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Male or Female Parrotlet? How to Identify the Differences
Parrotlets are adorable little birds. They are the smallest of parrot species commonly kept as pets. The parrotlet is active and friendly, but not as loud as many other parrots, making them a good choice for people who live in apartments.
If you didn’t get your parrotlet from a breeder who performed testing to determine the sex, you might be unaware of whether you have a male or female bird. Don’t worry, there are plenty of ways to tell the sex of your parrotlet.
Keep reading to learn how to identify if your parrotlet is a male or female.
Why Should You Determine If Your Bird is Male or Female?
Both males and female parrotlets are similar in temperament. However, as a bird owner, you might be curious about whether or not your pet is a boy or a girl.
You may also be considering adding a second parrotlet to your family. If this is the case, you’ll definitely need to know the sex of your bird as they are best kept in opposite-sexed pairs.
If you plan to add a second parrotlet of the opposite sex to your family, you’ll also need to be prepared for mating season and breeding.
Anatomy of a Parrotlet
You can identify the sex of many pets by looking at the genital areas. However, birds have internal genitalia. Both male and female parrotlets have a cloaca. This is an internal chamber that houses the bird’s sex organs. You won’t be able to tell which organs a bird has simply by looking at them. A veterinarian would need to examine the parrotlet to determine the sex.
There are some physical characteristics that you can look for to discern whether your parrotlet is a male or female. These typically include different-colored feathers in specific locations on the parrotlet’s body. The two parrotlet species most commonly kept as pets display different colors and markings between sexes. These include:
The typical Pacific parrotlet is green with a few differences between males and females. There are some color mutations of Pacific parrotlets that can change the base or highlight feather colors, making it more difficult to distinguish between the sexes.
The green-rumped parrotlet also displays different feather color patterns between males and females.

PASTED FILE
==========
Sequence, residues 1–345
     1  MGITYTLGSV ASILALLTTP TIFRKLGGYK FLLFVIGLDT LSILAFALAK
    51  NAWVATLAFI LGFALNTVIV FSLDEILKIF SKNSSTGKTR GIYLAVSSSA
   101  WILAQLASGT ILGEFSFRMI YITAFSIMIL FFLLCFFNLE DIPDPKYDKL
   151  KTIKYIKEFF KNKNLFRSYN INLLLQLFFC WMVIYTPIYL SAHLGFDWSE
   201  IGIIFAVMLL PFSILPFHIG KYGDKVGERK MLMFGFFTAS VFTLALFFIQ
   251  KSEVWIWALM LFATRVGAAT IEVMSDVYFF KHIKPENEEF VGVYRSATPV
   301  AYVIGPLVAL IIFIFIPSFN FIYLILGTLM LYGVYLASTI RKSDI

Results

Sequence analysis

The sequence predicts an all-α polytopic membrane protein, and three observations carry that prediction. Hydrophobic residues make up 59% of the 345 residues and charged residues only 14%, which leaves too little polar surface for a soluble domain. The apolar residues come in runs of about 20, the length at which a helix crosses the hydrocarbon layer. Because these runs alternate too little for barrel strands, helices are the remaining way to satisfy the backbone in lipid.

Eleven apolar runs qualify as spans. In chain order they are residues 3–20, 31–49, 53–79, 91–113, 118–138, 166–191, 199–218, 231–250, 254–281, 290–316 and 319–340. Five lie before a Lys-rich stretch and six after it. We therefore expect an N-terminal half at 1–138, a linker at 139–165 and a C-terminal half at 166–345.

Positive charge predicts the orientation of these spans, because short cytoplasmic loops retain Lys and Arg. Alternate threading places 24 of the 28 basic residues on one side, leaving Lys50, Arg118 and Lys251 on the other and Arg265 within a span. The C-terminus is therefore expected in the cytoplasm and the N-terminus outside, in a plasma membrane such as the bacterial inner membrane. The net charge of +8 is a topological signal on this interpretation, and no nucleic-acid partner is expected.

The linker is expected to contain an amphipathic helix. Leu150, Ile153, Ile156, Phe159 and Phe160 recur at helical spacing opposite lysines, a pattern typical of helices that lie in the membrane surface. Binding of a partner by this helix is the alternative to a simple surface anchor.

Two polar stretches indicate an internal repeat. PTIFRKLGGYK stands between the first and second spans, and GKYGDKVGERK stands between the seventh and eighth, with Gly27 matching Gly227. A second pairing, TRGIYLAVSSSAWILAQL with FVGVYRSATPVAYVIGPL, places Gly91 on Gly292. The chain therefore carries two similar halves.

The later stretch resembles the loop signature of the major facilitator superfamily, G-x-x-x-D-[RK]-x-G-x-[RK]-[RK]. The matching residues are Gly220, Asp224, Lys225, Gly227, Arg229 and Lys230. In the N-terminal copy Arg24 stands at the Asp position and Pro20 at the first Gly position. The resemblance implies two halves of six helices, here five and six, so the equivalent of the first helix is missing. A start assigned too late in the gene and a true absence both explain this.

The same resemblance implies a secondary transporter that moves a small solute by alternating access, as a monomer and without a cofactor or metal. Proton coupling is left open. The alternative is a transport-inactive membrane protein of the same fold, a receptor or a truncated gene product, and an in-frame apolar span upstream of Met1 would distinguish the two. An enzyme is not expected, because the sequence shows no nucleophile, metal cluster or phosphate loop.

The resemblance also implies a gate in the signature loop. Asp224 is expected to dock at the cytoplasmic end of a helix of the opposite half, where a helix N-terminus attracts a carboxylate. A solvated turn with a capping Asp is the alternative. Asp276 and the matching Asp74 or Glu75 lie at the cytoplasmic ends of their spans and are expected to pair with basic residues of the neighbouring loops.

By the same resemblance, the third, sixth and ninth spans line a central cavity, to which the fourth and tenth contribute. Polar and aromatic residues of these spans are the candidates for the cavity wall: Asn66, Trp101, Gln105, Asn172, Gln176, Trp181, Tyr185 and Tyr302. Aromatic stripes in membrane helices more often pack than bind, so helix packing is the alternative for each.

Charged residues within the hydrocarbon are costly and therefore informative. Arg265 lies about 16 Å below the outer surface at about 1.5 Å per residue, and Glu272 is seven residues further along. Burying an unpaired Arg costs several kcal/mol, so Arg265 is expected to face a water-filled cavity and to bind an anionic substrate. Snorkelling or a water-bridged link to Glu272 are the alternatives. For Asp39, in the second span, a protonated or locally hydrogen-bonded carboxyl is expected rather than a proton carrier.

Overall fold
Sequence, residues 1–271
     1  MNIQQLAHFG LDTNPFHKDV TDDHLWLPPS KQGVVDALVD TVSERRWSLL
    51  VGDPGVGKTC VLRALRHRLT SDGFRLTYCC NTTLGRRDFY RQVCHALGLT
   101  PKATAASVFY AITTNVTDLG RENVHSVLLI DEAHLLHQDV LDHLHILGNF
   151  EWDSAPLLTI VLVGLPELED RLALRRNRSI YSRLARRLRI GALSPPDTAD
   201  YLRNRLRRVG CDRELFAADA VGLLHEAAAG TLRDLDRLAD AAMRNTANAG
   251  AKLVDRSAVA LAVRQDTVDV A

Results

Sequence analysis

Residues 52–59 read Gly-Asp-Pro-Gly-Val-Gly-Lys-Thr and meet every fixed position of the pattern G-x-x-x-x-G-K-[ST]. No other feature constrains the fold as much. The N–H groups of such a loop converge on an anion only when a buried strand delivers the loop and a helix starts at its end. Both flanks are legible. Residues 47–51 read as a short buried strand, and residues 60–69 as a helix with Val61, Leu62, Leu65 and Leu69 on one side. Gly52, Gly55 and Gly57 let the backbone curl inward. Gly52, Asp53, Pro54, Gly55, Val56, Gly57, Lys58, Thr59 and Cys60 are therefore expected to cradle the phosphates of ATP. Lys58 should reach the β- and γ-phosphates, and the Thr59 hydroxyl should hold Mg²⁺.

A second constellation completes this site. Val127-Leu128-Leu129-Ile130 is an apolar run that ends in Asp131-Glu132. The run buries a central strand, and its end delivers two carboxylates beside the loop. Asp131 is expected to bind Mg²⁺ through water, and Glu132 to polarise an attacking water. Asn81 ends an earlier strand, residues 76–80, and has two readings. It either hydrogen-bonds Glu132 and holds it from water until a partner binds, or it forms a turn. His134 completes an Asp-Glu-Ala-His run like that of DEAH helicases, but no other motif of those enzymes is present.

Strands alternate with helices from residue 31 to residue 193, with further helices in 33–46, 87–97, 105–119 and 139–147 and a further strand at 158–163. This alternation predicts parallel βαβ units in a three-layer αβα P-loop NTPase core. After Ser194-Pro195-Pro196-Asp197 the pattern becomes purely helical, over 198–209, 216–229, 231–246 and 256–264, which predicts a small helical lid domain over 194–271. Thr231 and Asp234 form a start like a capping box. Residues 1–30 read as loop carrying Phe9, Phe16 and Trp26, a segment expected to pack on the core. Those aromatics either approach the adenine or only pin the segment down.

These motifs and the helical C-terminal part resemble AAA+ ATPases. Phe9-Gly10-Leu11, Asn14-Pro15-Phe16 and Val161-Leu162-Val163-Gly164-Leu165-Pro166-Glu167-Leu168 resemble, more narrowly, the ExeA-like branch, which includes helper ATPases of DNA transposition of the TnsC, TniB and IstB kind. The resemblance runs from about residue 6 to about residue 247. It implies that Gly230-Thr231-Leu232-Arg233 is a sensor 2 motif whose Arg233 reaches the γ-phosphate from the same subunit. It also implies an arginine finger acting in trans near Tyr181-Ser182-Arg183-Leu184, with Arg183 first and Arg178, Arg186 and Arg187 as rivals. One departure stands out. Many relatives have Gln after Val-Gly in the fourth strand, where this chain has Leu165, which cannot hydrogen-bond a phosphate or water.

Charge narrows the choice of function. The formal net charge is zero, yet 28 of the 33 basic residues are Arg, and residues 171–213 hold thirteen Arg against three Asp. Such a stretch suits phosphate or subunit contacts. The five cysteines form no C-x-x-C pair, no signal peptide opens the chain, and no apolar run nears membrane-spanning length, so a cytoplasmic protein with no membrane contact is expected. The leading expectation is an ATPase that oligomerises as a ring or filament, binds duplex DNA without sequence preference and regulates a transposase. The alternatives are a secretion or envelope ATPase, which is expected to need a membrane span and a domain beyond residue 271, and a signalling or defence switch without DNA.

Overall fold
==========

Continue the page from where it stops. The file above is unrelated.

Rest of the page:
Methods of Testing
If you are having a difficult time determining the sex of your parrotlet just by its feather colors and markings, don’t worry! There are other ways to determine if you have a male or female bird.
If your parrotlet lays eggs, then you know that you have a female bird. This may seem obvious, but some bird owners are not aware that a female parrotlet who is kept alone can still lay eggs. The eggs aren’t fertilized and won’t hatch.
However, egg-laying is not a foolproof method of sex determination in parrotlets. Females won’t lay eggs until after they are at least 3 years old. Sometimes they won’t lay eggs at all. So, while this is a possible method of testing whether you have a female or male bird, it’s not the most reliable way.
Most breeders will perform DNA testing before selling birds so that the new owner will know the sex of their pet. However, this isn’t always the case. You may need to pay for DNA testing on your bird if it was not determined by the breeder.
The good news is the testing is often inexpensive and it’s pretty reliable. Your veterinarian can collect a blood sample from your bird and send it to a laboratory for testing. If your veterinarian does not perform DNA testing, you can also send in a nail or feather clipping to a laboratory on your own.
There are some cases where lab results could be inaccurate, although this is rare.
This method should only be used as an absolute last resort and only if necessary. It requires your bird to be put under anesthesia before an incision is made in the abdomen. The veterinarian will be able to view the reproductive organs and tell you if the bird is a male or female.
This can be dangerous for your bird and may give younger birds long-lasting reproductive problems. It’s also very stressful for the parrotlet.
There are several ways to determine the sex of your parrotlet. If you have one of the two common pet species, a survey of its marking and feather colors should give you an answer.
For other species, egg-laying is a sure sign that you have a female, although not all females will lay eggs. DNA testing is the most reliable and least intrusive option for most bird owners, while surgery should only be used in necessary situations.
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- Parrotlet in a Harness: Is it a Good Idea? Is it Humane?
- What’s the Optimum Age to Bring a Parrotlet Home?
Featured Image Credit: Cynoclub, Shutterstock
Nicole is the proud mom of Baby, a Burmese cat and Rosa, a New Zealand Huntaway. A Canadian expat, Nicole now lives on a lush forest property with her Kiwi husband in New Zealand. She has a strong love for all animals of all shapes and sizes (and particularly loves a good interspecies friendship) and wants to share her animal knowledge and other experts’ knowledge with pet lovers across the globe.